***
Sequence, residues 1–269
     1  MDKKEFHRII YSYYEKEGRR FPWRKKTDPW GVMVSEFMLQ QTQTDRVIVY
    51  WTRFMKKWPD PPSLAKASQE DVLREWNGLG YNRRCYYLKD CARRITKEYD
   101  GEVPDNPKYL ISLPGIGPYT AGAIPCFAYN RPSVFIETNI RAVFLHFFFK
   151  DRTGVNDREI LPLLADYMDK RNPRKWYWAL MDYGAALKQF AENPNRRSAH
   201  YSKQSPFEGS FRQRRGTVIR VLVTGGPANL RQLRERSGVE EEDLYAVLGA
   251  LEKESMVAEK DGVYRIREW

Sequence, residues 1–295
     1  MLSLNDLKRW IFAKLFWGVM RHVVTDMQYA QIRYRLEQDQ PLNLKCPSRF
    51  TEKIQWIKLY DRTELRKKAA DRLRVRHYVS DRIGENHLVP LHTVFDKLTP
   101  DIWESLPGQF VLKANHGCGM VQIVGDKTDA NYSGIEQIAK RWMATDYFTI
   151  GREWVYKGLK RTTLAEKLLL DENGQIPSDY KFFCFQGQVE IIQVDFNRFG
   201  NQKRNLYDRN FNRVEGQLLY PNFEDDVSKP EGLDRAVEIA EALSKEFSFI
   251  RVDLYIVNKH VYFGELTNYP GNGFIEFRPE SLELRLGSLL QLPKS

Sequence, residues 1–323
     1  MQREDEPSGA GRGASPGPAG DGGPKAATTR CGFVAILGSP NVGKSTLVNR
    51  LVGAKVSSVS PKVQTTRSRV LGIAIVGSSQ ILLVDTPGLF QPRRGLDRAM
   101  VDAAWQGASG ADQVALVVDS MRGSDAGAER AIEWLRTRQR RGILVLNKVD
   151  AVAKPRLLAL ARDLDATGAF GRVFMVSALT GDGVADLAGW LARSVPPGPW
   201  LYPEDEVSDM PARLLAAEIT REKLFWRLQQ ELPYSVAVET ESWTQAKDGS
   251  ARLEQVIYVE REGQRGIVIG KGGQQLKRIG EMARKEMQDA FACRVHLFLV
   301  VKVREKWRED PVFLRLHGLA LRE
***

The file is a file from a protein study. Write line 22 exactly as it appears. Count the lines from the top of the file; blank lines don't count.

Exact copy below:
   301  VKVREKWRED PVFLRLHGLA LRE